The Explosion in Soft Hotel Brands
What started as a trickle has become a wave. Yet another major hotel company has rolled out a soft brand, the industry term for a collection of independent hotels that want to retain their individual identity yet believe they can benefit from access to the major hotel company’s distribution systems, sales support, and loyalty program.
Stamford-based Starwood Hotels & Resorts Worldwide became the latest entrant in the soft brand sweepstakes on April 16 when it introduced Tribute Portfolio, which will focus on independents that fall in the upper-upscale industry tier. The first to sign up for Starwood’s “10th brand” was the 393-room Royal Palm in Miami’s trendy South Beach.
Starwood’s move comes after the launch of soft brands in recent months by Hilton Worldwide (Curio Collection), Loews Hotels & Resorts (OE Collection) and Best Western International (BW Premier Collection). These, in turn, follow the debut of Autograph Collection (Marriott International), Alliance Resorts (IHG), Ascend Hotel Collection (Choice Hotels International) and Lexington Legacy Hotels (Vantage Hospitality) in the past few years.
Starwood itself already had a soft brand (Luxury Collection), launched 21-years ago, so Starwood (whose “hard” brands include Sheraton, Westin, St. Regis, W and seven others) could be said to be double dipping with Tribute Portfolio.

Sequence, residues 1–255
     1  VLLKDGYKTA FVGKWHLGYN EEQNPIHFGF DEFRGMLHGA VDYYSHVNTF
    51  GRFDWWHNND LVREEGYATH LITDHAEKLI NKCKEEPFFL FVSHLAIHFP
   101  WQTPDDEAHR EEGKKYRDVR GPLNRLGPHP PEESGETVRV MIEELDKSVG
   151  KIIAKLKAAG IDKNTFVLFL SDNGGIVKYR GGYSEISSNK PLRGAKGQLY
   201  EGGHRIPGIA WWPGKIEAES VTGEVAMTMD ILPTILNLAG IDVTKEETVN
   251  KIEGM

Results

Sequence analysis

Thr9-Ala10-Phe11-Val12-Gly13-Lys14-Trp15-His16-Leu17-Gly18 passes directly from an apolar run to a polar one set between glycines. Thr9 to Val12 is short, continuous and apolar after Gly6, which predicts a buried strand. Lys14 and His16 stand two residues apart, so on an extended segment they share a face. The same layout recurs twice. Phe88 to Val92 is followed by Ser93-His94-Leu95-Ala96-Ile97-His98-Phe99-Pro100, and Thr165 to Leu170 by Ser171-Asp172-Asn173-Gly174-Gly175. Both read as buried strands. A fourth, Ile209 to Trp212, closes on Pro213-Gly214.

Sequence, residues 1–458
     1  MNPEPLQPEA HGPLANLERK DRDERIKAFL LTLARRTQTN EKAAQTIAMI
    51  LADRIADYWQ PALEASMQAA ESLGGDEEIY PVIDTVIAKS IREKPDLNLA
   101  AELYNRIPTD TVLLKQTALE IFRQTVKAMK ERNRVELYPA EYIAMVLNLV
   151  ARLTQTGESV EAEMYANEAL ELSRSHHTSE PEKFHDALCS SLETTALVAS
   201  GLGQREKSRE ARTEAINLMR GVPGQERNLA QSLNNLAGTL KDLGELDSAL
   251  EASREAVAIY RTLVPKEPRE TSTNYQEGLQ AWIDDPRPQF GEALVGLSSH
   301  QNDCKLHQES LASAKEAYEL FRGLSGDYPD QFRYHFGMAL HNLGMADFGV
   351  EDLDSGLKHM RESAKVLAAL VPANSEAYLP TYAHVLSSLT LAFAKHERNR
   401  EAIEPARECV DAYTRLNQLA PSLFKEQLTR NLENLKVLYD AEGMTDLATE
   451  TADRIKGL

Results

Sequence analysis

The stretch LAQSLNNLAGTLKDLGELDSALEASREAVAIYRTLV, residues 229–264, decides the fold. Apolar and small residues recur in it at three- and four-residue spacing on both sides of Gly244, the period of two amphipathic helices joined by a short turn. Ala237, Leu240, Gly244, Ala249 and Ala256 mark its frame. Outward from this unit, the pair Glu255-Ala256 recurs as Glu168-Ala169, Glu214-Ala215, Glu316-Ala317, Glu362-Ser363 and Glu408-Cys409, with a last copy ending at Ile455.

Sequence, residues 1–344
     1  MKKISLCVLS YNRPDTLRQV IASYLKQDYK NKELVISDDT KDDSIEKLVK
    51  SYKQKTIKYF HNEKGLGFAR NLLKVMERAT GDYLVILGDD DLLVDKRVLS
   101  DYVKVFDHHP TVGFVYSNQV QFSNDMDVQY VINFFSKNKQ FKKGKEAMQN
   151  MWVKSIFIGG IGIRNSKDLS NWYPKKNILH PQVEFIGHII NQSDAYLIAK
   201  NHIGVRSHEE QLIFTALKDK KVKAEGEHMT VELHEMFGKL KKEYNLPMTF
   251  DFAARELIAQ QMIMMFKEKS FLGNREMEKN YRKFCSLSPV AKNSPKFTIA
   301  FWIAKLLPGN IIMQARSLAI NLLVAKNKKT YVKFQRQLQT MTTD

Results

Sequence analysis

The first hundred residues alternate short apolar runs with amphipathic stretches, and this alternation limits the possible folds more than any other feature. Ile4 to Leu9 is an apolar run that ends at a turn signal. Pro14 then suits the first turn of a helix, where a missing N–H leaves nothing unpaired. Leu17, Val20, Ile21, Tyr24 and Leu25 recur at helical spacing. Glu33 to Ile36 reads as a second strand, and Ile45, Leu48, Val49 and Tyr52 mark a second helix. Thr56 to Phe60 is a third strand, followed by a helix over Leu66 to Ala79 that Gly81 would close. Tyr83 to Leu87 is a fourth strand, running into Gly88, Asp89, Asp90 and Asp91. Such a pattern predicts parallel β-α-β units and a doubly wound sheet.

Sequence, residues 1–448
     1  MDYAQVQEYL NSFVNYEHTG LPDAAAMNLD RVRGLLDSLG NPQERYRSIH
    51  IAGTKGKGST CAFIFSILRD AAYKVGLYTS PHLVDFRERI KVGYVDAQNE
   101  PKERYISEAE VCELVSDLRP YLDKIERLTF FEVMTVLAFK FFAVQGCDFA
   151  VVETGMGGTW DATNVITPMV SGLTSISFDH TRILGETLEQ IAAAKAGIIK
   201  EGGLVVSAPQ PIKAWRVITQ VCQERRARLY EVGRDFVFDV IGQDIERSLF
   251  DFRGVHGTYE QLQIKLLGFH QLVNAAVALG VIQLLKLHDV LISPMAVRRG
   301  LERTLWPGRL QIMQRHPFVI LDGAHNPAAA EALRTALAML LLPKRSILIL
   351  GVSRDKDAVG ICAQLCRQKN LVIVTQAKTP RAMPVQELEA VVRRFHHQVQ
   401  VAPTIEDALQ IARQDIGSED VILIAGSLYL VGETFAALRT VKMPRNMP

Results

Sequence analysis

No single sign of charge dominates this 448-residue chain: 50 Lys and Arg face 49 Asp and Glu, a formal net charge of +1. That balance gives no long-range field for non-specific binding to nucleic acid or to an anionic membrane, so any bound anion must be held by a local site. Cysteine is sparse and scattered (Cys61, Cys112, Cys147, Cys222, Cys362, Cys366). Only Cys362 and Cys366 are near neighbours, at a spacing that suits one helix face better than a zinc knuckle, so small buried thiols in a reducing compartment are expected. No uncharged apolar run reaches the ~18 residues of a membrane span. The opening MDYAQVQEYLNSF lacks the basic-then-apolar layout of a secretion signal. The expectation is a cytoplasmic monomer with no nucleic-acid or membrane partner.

The point of distinction, of course, is that Luxury Collection focuses on deluxe hotels as its name implies. Starwood interim CEO Adam Aron says he expects Tribute Portfolio’s portfolio to reach 100 properties by 2020. In addition to the Royal Palm, the owners of four upcoming properties have signed up: the Noel Place Hotel in Nashville, Tenn., opening in 2016; the Vandre Nouveau Hotel in Asheville, North Carolina in 2017; and not-yet-named hotels in Savannah, Georgia, and Charleston, South Carolina, both opening in 2017.
The search for Tribute candidates right now is confined to North America and Europe. Next year it will expand to the rest of the world, according to Aron. Member hotels, while eager to retain their independent status, will likely add a “Tribute Portfolio Hotel” sub-brand to help build recognition for the soft brand or parent company.
A definite plus for owners is the connection to a frequency program, meaning guests can earn loyalty points at their hotels good for stays at any hotel in the Starwood, Hilton, Marriott (or whichever) system. Conversely, it’s an advantage for a frequency program to be able to offer its members the chance to redeem points for stays in a larger number of hotels.
It’s the lack of name recognition that’s problematic. Meeting planners and other travel buyers are already being asked to pay attention to a whole slew of new hard brands. (“Hyatt Centric,” anyone? How about “Canopy by Hilton,” Marriott’s “Moxy,” or IHG’s “Even”?) Add to this the latest litany of soft brands.
Meeting planners face an added challenge. Often they’re in a position of having to promote a site in order to build excitement for a meeting. This is especially true for incentive program planners. If they don’t know much about a soft brand, how can they expect their attendees to? On the other hand, if the hotel or resort is attached to a well-known and/or trusted name, it makes their job that much easier.
Photos: Starwood (Tribute Portfolio’s Royal Palm)